Manganese proteins isolated from spinach thylakoid membranes and their role in O2 evolution. II. A binuclear manganese-containing 34 kilodalton protein, a probable component of the water dehydrogenase enzyme

Daniel A. Abramowicz, G. Charles Dismukes

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Extraction conditions have been found which result in the retention of managanese to the 33-34 kDa protein, first isolated as an apoprotein by Kuwabara and Murata (Kuwabara, T. and Murata, N. (1979) Biochim. Biophys Acta 581, 228-236). By maintaining an oxidizing-solution potential, with hydrophilic and lipophilic redox buffers during protein extraction of spinach grana-thylakoid membranes, the 33-34 kDa protein is observed to bind a maximum of 2 Mn/protein which are not released by extended dialysis versus buffer. This manganese is a part of the pool of 4 Mn/Photosystem II normally associated with the oxygen-evolving complex. The mechanism for retention of Mn to the protein during isolation appears to be by suppression of chemical reduction of natively bound, high-valent Mn to the labile Mn(II) oxidation state. This protein is also present in stoichiometric levels in highly active, O2-evolving, detergent-extracted PS-II particles which contain 4-5 Mn/PS II. Conditions which result in the loss of Mn and O2 evolution activity from functional membranes, such as incubation in 1.5 mM NH2OH or in ascorbate plus dithionite, also release Mn from the protein. The protein exists as a monomer of 33 kDa by gel filtration and 34 kDa by gel electrophoresis, with an isoelectric point of 5.1 ± 0.1. The protein exhibits an EPR spectrum only below 12 K which extends over at least 2000 G centered at g = 2 consisting of non-uniformly separated hyperfine transitions with average splitting of 45-55 G. The magnitude of this splitting is nominally one-half the splitting observed in monomeric manganese complexes having O or N donor ligands. This is apparently due to electronic coupling of the two 55Mn nuclei in a presumed binuclear site. Either a ferromagnetically coupled binuclear Mn2(III,III) site or an antiferromagnetically coupled mixed-valence Mn2(II,III) site are considered as possible oxidation states to account for the EPR spectrum. Qualitatively similar hyperfine structure splittings are observed in ferromagnetically coupled binuclear Mn complexes having even-spin ground states. The extreme temperature dependence suggests the population of low-lying excited spin states such as are present in weakly coupled dimers and higher clusters of Mn ions, or, possibly, from efficient spin relaxation such as occurs in the Mn(III) oxidation state. Either 1.5 mM NH2OH or incubation with reducing agents abolishes the low temperature EPR signal and releases two Mn(II) ions to solution. This is consistent with the presence of Mn(III) in the isolated protein. The intrinsically unstable Mn2(II,III) oxidation state observed in model compounds favors the assignment of the stable protein oxidation state to the Mn2(III,III) formulation. This protein exhibits characteristics consistent with an identification with the long-sought Mn site for photosynthetic O2 evolution. An EPR spectrum having qualitatively similar features is observable in dark-adapted intact, photosynthetic membranes (Dismukes, G.C., Abramowicz, D.A., Ferris, F.K., Mathur, P., Upadrashta, B. and Watnick, P. (1983) in The Oxygen-Evolving System of Plant Photosynthesis (Inoue, Y., ed.), pp. 145-158, Academic Press, Tokyo) and in detergent-extracted, O2-evolving Photosystem-II particles (Abramowicz, D.A., Raab, T.K. and Dismukes, G.C. (1984) Proceedings of the Sixth International Congress on Photosynthesis (Sybesma, C., ed.), Vol. I, pp. 349-354, Martinus Nijhoff/Dr. W. Junk Publishers, The Hague, The Netherlands), thus establishing a direct link with the O2 evolving complex.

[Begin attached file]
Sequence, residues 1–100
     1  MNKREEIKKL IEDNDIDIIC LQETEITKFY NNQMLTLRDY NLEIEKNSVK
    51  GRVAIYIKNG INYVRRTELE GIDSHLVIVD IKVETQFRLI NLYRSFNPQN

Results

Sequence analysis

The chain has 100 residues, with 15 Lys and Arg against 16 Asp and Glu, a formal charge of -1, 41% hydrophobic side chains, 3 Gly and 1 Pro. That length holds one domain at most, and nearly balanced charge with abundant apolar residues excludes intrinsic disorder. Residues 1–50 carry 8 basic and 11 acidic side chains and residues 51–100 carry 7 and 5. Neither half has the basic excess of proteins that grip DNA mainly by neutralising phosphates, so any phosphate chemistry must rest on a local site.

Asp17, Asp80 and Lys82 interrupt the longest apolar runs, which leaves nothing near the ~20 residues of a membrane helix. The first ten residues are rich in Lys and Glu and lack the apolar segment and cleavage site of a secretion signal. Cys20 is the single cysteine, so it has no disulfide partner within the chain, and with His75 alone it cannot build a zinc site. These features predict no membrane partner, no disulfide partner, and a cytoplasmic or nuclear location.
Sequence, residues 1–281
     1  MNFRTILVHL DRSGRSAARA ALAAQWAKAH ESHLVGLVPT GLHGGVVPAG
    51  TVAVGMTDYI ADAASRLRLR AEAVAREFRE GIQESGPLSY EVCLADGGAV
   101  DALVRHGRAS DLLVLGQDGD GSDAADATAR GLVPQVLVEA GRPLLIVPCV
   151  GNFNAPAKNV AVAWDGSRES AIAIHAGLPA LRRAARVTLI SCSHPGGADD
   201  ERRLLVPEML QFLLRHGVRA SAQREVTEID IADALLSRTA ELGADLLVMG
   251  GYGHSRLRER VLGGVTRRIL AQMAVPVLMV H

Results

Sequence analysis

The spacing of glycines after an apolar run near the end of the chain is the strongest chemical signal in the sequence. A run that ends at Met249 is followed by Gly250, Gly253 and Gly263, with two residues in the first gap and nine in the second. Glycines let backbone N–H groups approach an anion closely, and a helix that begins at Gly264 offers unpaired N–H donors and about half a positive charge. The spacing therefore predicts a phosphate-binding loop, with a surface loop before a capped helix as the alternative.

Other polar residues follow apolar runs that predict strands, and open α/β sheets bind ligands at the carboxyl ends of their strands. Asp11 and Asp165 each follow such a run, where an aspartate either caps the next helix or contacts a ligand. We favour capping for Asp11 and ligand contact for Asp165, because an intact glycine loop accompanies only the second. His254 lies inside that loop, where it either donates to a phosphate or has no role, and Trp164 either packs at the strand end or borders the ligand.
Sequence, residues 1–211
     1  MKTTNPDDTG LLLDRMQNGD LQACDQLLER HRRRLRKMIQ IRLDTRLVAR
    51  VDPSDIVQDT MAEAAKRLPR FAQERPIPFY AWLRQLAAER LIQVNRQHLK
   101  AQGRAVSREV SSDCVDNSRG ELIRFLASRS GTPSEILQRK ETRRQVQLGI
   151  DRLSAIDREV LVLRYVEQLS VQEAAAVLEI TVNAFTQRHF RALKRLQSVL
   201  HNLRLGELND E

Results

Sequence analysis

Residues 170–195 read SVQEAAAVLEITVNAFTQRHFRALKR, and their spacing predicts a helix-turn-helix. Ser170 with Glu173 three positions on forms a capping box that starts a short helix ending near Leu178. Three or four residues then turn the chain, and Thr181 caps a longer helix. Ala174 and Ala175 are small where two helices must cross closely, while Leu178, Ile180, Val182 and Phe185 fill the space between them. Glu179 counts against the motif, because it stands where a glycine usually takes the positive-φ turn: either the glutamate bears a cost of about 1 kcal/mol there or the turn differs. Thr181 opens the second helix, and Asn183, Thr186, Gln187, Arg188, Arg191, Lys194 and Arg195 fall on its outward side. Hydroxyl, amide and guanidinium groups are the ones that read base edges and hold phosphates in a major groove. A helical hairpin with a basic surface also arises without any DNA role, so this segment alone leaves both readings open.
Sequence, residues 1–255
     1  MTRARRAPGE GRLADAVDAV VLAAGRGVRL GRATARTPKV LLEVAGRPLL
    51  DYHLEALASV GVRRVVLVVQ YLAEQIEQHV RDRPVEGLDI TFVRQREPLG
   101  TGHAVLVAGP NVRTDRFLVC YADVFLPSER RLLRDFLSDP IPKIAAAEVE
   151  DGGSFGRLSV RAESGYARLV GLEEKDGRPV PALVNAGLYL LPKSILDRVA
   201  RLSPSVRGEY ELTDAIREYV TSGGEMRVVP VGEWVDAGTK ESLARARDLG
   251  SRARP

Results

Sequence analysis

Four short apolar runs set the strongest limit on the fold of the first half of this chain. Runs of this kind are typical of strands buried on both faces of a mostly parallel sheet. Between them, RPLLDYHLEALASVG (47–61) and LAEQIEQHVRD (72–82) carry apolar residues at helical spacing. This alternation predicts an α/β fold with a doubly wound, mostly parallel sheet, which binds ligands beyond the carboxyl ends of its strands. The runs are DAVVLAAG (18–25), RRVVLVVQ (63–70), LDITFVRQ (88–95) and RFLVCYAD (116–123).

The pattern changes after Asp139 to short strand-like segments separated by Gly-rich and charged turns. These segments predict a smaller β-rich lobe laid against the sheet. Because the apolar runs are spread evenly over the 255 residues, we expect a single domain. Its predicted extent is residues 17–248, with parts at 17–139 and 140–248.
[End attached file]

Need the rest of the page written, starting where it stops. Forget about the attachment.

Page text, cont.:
Original languageEnglish
Pages (from-to)318-328
Number of pages11
JournalBBA - Bioenergetics
Issue number3
Publication statusPublished - Jun 26 1984


  • (Spinach chloroplast)
  • ESR
  • Mn protein
  • Oxygen evolution
  • Water splitting

ASJC Scopus subject areas

  • Biophysics
  • Biochemistry
  • Cell Biology

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